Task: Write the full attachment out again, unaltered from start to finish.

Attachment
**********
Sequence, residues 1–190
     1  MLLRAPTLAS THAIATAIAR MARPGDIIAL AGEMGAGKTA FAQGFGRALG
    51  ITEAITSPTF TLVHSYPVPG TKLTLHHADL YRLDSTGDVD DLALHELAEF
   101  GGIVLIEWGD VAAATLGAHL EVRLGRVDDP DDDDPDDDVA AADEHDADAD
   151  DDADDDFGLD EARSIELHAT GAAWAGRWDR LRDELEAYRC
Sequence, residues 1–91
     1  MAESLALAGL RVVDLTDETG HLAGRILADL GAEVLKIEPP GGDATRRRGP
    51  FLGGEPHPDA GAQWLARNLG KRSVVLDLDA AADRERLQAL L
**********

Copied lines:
Sequence, residues 1–190
     1  MLLRAPTLAS THAIATAIAR MARPGDIIAL AGEMGAGKTA FAQGFGRALG
    51  ITEAITSPTF TLVHSYPVPG TKLTLHHADL YRLDSTGDVD DLALHELAEF
   101  GGIVLIEWGD VAAATLGAHL EVRLGRVDDP DDDDPDDDVA AADEHDADAD
   151  DDADDDFGLD EARSIELHAT GAAWAGRWDR LRDELEAYRC
Sequence, residues 1–91
     1  MAESLALAGL RVVDLTDETG HLAGRILADL GAEVLKIEPP GGDATRRRGP
    51  FLGGEPHPDA GAQWLARNLG KRSVVLDLDA AADRERLQAL L